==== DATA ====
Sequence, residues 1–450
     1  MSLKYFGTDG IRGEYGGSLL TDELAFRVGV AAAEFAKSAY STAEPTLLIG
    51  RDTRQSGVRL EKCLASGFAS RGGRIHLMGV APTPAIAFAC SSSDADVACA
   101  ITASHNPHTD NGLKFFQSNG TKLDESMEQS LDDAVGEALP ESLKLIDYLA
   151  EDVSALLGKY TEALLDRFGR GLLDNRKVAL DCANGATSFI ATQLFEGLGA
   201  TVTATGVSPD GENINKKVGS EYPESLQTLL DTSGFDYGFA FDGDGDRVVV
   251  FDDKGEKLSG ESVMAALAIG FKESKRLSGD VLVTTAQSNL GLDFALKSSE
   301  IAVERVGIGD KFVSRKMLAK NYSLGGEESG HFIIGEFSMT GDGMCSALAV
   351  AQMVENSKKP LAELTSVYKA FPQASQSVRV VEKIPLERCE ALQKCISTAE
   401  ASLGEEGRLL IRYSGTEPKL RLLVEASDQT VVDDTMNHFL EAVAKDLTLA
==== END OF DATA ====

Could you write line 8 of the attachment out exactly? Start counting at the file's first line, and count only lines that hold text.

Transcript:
   301  IAVERVGIGD KFVSRKMLAK NYSLGGEESG HFIIGEFSMT GDGMCSALAV